The Arizona Wildcats begin their most critical stretch of the 2018 season when playing Friday at the Utah Utes in Salt Lake City. It’s the first of back-to-back Pac-12 road games—Arizona plays Oct. 20 at UCLA—that will go a long way toward determining if Kevin Sumlin’s first season with the Wildcats includes a bowl appearance.
Utah (3-2, 1-2) is coming off an impressive 40-21 win at Stanford and has won two in a row over Arizona (3-3, 2-1) including last year’s 30-24 win in Tucson. The Wildcats are 13.5-point underdogs, their worst point spread since November 2016.
Running against the Runnin’ Utes
Utah is the overwhelming Pac-12 leader in rushing defense, allowing 75.4 yards per game. That includes holding Stanford (minus Bryce Love) to 42 yards on the ground last week.
Not exactly the best scenario for Arizona to get its run game back into gear. The Wildcats average 201.8 rushing yards per game but in the past two contests they’ve managed only 222 yards and one touchdown on 71 carries, a rate of 3.13 yards per rush.
Part of the issue has been the health of Arizona’s best offensive lineman, senior left tackle Layth Friekh. He’s been hobbled the last two weeks, starting but unable to finish games against USC and California, and those teams were quite sizable on the front line which made the running lanes quite small.
Utah’s defensive front has a pair of 300-pounders in the middle and two 250-pound ends, a quartet that has combined for 10.5 tackles for loss.
The QB rotation
Khalil Tate is going to remain Arizona’s starting quarterback unless his left foot falls off, which means until the Wildcats have a bye (the second week of November) his ankle isn’t going to get any better with him playing on it.
But last week we saw the first indication that Sumlin is truly concerned about whether Tate can keep going when he inserted true freshman Jamarye Joiner for a series in the first quarter against Cal. That drive went nowhere—actually backwards—and sapped all of Arizona’s early momentum, but it sounds like that might be something we’ll see again this game and beyond.
Does that mean Joiner will get live reps against Utah or will fellow true freshman Kevin Doyle might make his collegiate debut? What about redshirt freshman K’Hari Lane? Or will sophomore Rhett Rodriguez, who relieved Tate in three games this season, be given some meaningful snaps and not just ones in garbage time?
Outside of the debacle at Houston in Week 2, Arizona’s defense has gotten better each week. The performance against Cal was the best yet, with four takeaways and a pair of defensive touchdowns.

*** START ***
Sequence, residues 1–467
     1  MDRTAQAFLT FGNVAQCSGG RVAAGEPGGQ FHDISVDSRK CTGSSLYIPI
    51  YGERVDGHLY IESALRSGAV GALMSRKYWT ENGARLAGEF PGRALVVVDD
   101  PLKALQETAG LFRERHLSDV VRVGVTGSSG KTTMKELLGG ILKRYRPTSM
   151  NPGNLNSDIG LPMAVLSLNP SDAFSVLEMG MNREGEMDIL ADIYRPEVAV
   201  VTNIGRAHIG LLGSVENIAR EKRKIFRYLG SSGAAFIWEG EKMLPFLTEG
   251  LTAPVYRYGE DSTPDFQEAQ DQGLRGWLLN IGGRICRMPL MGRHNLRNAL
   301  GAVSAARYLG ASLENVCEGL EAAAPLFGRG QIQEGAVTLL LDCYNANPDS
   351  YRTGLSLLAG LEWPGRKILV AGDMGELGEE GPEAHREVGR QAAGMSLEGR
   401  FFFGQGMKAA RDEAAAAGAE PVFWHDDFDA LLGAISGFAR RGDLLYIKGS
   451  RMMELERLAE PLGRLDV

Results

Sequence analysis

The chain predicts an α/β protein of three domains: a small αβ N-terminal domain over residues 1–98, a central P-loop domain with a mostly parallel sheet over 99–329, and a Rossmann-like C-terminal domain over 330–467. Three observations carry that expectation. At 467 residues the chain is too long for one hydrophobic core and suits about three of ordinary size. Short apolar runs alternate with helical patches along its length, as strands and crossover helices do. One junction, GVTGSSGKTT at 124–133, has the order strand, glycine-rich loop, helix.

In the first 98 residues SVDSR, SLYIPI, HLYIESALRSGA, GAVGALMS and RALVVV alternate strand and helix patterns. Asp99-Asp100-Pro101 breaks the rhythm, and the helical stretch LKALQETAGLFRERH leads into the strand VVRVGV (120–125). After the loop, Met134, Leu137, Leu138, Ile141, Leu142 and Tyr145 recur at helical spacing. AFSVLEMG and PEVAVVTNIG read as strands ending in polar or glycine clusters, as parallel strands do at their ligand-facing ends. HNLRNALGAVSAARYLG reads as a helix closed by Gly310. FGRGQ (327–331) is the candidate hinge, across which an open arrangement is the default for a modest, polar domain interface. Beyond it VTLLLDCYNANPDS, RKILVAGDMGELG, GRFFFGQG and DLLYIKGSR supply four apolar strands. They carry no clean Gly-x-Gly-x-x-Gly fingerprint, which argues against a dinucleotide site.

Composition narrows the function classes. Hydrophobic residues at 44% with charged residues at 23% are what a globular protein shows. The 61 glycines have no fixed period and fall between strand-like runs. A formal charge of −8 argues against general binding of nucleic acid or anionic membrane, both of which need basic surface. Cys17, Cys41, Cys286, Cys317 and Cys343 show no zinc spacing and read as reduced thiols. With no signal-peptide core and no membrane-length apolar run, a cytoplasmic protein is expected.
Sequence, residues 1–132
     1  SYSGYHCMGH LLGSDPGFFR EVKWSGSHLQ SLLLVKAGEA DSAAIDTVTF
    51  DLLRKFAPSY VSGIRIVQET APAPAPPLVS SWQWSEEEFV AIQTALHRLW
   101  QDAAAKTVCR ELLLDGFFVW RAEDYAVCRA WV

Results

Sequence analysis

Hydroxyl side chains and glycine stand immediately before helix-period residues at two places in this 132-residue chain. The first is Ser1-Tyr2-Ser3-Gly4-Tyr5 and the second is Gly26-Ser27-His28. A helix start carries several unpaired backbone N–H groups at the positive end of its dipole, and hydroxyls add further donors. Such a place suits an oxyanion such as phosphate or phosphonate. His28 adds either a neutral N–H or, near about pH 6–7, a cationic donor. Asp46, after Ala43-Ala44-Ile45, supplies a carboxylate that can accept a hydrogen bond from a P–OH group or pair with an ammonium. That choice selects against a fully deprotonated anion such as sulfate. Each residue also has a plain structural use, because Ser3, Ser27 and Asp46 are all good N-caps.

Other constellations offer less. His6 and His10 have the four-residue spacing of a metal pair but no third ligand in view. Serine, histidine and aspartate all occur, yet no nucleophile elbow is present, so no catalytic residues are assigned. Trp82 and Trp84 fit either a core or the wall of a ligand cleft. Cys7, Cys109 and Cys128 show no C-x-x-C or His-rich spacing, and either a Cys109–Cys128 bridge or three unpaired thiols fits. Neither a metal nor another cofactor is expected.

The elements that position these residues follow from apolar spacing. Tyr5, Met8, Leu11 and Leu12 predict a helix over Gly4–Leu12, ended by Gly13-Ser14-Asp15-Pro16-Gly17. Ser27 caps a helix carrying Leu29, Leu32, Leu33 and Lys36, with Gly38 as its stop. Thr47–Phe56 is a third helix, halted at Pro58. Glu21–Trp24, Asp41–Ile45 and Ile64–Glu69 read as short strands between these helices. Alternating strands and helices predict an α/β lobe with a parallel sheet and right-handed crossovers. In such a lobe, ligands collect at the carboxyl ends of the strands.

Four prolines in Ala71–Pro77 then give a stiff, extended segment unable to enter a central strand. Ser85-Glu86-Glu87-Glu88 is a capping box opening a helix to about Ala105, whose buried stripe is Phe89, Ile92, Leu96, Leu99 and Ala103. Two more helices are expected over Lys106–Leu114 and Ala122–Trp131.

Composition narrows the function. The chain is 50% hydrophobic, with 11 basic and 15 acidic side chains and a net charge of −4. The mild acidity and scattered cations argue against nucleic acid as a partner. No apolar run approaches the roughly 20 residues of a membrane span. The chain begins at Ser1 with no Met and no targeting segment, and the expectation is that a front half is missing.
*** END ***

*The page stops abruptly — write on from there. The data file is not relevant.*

There’s room for much more improvement and Utah is a good opponent to be able to do that to. Despite scoring 40 against Stanford last week, overall the Utes have struggled with the ball, their 5.56 yards per play third-worst in the Pac-12.
Utah is middle-of-the-pack in converting third downs, at 40.3 percent, while Arizona is 10th in the league in allowing conversions 44 percent of the time.
Red zone results
Utah and Arizona are the two best teams in the Pac-12 in terms of preventing opponents from scoring in the red zone. The Utes have allowed points on just eight of 13 defensive red zone possessions, with seven touchdowns, while Arizona has kept teams off the scoreboard in six of 31 red zone trips with 12 TDs yielded.
Both teams are in the upper half in the league when it comes to scoring in the red zone. Utah is fourth, at 84.6 percent, but has made only 13 trips inside the opponents’ 20-yard line (with 11 scores and just seven TDs) in five games, while Arizona has 12 TDs and three field goals in 18 red-zone possessions.
Short week impacts
The Friday night kickoff, coming after a Saturday night game that ended just before 11 p.m., means Arizona had to massively condense its game-week preparations for Utah. The Utes are in the same boat but didn’t have to include a travel day like the Wildcats did on Thursday.
It’s unclear exactly how the shorter week affected Arizona’s game planning, but it could mean some players who were nursing injuries from the Cal game might not have enough time to recover and play. Arizona doesn’t issue injury reports, so that means keeping a close eye on pre-game warmups to see if anyone may have to sit out.